(Picture © Guy Vivien)

Who or what inspired you to take up the piano and make it your career?

I heard my father playing Chopin, Grieg and Schumann at home almost every evening on our small upright piano. Then I tried to imitate him! As I was gifted, he decided to do everything necessary to help me in my development: courses with great teachers, day to day work. He believed in my musical career from the very beginning and that was probably the most important.

Who or what are the most important influences on your playing?

Arthur and Karl-Ulrich Schnabel (with whom I really learned my Beethoven), then Leon Fleisher, who was for me a kind of Mentor, and Christian Ivaldi, who opened my brain to the world of Wagner and Strauss, which radically influenced radically repertoire and the texture of my personal sound.

What have been the greatest challenges of your career so far?

Playing the 32 Beethoven sonatas in 10 days.

What are the particular challenges/excitements of working with an orchestra/ensemble?

Playing a concerto with orchestra is the utmost gift a pianist can receive! The piano concerto repertoire is just fabulous and I always feel like it’s an achievement in a solo career. The main problem is to build a relationship with a conductor in a very short rehearsal time. You can feel a kind of frustration sometimes. It is why my relationship with Philippe Jordan is very special, as we have recorded and played so many concertos since 2007! The complete Beethovens on CD and in concert as well as Mozart, Brahms and Saint-Saens. The musical result is amazing because we feel like chamber music partners.

Which recordings are you most proud of?

My Brahms 2nd concerto with LPO and Paavo Berglund, the Beethoven Fifth Concerto with O.P. Radio-France and Philippe Jordan, and my last live recording of Beethoven’s ‘Hammerklavier’ Sonata recently released.

Do you have a favourite concert venue?

This is a tough question. For recital, I would say Wigmore hall and Queen Elizabeth Hall, Köln Philharmonie and Metz Arsenal.

With orchestra, Suntory Hall in Tokyo, Salle Pleyel in Paris and Royal Festival Hall in London. Next season I will make my debut in two great European hall: Tonhalle in  Zürich and the Concertgebouw in Amsterdam!

Who are your favourite musicians?

Among others – Furtwangler, Celibidache, Barenboim, Boulez, Brendel, Pollini and Sokolov. I rediscovered Arrau recently: a genius.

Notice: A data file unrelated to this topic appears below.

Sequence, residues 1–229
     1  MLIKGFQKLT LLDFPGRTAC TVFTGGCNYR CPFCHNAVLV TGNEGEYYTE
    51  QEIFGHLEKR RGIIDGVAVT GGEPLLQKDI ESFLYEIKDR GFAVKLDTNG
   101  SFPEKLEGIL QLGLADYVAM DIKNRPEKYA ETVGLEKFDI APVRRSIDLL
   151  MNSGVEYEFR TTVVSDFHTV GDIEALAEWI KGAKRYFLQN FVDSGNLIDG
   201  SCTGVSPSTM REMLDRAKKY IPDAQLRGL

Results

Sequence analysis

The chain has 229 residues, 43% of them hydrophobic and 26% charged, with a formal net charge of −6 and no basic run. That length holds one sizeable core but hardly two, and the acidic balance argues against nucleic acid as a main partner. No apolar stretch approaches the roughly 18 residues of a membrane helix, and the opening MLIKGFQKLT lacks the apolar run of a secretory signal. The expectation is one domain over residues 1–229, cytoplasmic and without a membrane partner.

Regarding the conductors I’ve played with I would mention Esa-Pekka Salonen, Daniel Harding, and of course Philippe Jordan. Recently I played with the young conductor Edward Gardner: he was astonishing.

What is your most memorable concert experience?

Philippe Jordan conducting Parsifal in Bayreuth.

What is your favourite music to play? To listen to?

Beethoven always to play and listen, I listen more than ever Wagner’s Ring..and all the others.. Then Bruckner 4/5/7/8/9, the complete Mahler

What do you consider to be the most important ideas and concepts to impart to aspiring musicians/students?

Do not only work solely at your instrument, although it is crucial to spend hours on practising. The main thing is to have an exhaustive knowledge of orchestral and operatic repertoire in order to make the piano like a real orchestra

What are you working on at the moment?

The 5 Beethoven Concertos and the 32 Sonatas, as well as some Wagner paraphrases to celebrate this genius!

I also have some modern music as usual, new studies from Georges Benjamin and a Piano Concerto by Tristan Murail.

Where would you like to be in 10 years’ time

Any place where I could perform Beethoven’s music.

What is your idea of perfect happiness?

My wife’s love forever and music everywhere.

What is your most treasured possession?

Patou, my dear cat!!!!!

What is your present state of mind?

Promethean!

Interview date: November 2013

François-Frédéric Guy is regarded as one of the most fascinating pianists of his generation since his career was launched by his debut with Orchestre de Paris and Wolfgang Sawallisch in 2000.

Guy is an artist of immense interpretative authority and superlative technique. He has spent much of his career performing the works of Beethoven, recently completing recordings of the five concertos with Philippe Jordan, and the 32 Sonatas.  Guy has performed worldwide with orchestras such as the Berlin Symphony, Hallé, Philharmonia, London Philharmonic, Munich Philharmonic, Orchestre de Paris and San Francisco Symphony and conductors including Esa-Pekka Salonen, Bernard Haitink, Daniel Harding, Neeme Järvi and Michael Tilson Thomas.